Escalating Gunfire Erupts in Guinea-Bissau Following Liberation of Two Ministers by National Guard

Escalating Gunfire Erupts in Guinea-Bissau Following Liberation of Two Ministers by National Guard

In a tumultuous turn of events, Guinea-Bissau’s National Guard soldiers reportedly liberated Minister of Economy and Finance Souleiman Seidi and Secretary of State for the Treasury Antonio Monteiro from police custody, where they were being questioned regarding the alleged withdrawal of ten million dollars from state coffers. The duo had been summoned by the judiciary earlier on Thursday, subjected to hours of interrogation by judicial police. Sources, speaking under the shroud of anonymity for security concerns, disclosed that Mr. Seidi had previously defended the legality of the withdrawal before the National Assembly, asserting its purpose to bolster the national private sector.

At approximately 10:00 pm on the same day, National Guard members clandestinely transported the officials to an undisclosed location before retreating to a barracks in the Santa Luzia district, triggering intense gunfire the following morning. Special forces intervened after failed mediation attempts, resulting in an exchange of fire that was eventually quelled, as reported by military and intelligence sources.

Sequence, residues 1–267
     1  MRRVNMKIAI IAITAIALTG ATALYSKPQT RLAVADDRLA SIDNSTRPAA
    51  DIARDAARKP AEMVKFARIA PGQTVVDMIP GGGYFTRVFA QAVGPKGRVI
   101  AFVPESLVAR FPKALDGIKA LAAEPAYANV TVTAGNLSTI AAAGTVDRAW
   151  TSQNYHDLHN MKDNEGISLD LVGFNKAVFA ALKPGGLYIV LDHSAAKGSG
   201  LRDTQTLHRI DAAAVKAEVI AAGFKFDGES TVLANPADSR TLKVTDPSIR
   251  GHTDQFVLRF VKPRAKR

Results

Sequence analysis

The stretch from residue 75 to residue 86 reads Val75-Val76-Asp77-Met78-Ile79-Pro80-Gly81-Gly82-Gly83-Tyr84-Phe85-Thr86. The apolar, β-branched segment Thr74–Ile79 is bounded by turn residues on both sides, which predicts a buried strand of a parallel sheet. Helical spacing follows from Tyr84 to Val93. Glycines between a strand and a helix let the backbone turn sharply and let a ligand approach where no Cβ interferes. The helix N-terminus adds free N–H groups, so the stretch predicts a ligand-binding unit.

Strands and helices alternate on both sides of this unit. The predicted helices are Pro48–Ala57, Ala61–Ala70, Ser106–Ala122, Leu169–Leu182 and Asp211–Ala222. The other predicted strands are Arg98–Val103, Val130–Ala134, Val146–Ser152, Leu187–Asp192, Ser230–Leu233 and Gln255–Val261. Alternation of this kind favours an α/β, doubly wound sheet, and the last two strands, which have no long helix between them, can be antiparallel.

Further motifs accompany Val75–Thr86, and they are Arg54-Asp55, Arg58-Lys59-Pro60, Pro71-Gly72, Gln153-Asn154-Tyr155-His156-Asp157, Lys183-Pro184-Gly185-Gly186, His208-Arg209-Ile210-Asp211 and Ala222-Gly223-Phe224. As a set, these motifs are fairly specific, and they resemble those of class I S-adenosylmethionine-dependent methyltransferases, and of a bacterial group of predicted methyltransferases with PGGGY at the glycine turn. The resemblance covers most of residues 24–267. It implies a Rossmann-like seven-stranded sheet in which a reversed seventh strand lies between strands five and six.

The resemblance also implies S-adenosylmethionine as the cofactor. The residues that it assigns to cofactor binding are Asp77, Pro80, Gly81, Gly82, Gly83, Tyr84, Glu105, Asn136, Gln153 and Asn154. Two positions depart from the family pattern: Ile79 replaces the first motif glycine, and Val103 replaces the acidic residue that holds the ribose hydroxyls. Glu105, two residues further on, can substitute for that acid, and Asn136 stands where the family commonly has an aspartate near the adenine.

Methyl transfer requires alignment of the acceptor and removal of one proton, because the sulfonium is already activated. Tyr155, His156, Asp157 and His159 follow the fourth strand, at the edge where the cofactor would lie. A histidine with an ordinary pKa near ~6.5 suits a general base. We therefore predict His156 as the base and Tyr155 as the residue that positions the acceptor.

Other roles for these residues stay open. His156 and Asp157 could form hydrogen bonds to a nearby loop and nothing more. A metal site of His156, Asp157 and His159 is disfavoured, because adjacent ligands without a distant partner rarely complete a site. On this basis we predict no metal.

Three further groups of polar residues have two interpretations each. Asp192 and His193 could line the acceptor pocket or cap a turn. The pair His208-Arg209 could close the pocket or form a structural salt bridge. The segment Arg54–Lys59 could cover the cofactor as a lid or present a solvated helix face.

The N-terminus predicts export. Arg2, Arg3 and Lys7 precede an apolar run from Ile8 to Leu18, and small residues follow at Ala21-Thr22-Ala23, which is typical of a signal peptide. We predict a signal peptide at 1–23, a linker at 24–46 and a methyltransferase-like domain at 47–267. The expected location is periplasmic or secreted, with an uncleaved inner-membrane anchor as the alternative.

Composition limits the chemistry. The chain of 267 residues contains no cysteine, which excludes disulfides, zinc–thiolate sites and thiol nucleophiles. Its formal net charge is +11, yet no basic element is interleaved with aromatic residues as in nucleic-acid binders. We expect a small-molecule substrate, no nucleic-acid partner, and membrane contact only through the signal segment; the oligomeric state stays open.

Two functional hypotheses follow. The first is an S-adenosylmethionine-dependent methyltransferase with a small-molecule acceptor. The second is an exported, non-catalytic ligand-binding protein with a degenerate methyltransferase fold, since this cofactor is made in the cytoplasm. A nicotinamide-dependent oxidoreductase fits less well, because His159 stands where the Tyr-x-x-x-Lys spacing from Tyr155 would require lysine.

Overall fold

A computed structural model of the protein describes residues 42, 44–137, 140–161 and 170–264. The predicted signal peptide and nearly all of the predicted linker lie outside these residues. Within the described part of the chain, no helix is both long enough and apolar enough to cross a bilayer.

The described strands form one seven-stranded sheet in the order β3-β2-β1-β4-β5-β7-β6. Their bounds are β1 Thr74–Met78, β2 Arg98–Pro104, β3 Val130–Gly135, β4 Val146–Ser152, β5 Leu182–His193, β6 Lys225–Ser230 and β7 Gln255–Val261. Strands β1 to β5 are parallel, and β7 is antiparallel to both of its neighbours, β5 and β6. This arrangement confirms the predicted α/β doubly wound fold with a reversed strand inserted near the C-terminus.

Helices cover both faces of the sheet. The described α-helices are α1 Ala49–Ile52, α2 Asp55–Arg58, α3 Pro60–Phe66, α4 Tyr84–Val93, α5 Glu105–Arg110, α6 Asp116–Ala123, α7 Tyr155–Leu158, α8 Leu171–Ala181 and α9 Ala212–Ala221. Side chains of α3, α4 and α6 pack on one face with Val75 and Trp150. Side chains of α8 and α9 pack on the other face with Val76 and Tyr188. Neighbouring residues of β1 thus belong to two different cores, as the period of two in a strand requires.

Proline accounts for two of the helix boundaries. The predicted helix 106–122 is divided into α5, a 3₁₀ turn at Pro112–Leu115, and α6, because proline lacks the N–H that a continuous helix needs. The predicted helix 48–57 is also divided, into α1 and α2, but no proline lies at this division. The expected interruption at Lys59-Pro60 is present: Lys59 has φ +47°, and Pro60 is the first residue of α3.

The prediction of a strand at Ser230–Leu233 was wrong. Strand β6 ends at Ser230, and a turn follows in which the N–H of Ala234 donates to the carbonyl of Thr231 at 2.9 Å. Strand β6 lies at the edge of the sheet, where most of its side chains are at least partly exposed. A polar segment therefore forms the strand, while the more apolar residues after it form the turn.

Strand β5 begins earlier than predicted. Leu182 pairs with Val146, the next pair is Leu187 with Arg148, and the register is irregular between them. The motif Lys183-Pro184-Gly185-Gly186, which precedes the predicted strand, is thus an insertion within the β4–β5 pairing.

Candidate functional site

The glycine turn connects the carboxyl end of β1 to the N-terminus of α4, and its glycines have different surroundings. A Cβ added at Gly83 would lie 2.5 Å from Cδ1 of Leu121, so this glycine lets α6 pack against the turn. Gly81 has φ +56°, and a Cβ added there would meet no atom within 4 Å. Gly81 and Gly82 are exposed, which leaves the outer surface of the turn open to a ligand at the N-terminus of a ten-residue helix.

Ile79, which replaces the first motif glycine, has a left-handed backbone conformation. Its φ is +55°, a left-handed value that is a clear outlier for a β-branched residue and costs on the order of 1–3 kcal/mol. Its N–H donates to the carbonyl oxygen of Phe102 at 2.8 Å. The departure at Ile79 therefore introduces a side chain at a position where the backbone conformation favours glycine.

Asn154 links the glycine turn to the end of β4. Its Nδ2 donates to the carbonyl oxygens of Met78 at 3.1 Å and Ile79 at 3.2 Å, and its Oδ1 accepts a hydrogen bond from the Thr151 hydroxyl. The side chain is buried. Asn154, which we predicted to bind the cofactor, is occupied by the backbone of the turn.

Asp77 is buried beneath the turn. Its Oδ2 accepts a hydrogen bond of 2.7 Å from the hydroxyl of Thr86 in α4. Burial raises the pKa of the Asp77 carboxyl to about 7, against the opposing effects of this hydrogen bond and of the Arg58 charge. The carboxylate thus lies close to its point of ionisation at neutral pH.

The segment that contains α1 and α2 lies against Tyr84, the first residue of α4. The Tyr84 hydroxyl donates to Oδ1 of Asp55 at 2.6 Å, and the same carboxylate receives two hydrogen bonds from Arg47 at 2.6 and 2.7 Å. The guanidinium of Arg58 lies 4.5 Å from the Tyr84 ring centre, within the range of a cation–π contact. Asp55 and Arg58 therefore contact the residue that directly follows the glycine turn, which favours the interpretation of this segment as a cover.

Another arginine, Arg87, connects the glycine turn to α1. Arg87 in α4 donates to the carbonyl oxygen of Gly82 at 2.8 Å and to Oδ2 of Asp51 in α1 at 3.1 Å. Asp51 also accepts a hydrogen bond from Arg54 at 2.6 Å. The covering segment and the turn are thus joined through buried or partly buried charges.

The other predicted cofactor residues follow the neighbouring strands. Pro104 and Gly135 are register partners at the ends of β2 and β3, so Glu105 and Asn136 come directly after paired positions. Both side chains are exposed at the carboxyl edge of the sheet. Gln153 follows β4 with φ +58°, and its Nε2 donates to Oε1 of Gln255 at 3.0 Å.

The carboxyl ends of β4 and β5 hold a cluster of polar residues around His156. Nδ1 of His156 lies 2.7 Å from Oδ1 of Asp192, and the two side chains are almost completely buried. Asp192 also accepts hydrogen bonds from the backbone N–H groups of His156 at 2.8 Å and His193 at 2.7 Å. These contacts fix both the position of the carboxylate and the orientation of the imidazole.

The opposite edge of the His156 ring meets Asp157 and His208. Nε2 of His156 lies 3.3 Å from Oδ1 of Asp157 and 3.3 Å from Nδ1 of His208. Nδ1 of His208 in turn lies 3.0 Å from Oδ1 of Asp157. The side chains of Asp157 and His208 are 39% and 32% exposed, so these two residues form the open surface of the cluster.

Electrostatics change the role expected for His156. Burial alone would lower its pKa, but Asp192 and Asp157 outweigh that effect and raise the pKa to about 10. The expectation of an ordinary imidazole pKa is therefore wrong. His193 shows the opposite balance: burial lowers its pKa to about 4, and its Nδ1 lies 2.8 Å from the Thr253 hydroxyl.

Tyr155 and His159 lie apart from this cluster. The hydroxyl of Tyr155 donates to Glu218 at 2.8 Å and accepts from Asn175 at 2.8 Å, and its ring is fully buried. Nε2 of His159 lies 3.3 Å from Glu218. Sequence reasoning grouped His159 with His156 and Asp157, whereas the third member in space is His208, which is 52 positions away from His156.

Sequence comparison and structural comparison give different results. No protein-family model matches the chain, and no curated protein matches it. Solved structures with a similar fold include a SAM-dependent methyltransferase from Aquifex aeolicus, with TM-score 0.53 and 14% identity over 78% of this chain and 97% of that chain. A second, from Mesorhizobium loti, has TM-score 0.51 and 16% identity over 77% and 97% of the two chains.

The Guinea-Bissau Stabilisation Support Force, deployed by the Economic Community of West African States (ECOWAS), patrolled Bissau’s streets on Friday morning in the aftermath of the incident. Notably, President Umaro Sissoco Embalo, in office since December 2019, was absent during these developments, attending the 28th United Nations Climate Conference in Dubai.

Guinea-Bissau, a small West African nation, has long grappled with political instability and experienced numerous coups since gaining independence in 1974. This recent episode coincides with a broader trend of coup attempts across West Africa, underscoring the region’s volatile political landscape. In response, President Embalo had earlier appointed generals to key security positions, aligning with a regional context marked by heightened political unrest in countries like Gabon, Niger, Mali, Burkina Faso, Guinea, and Sierra Leone in the recent week.


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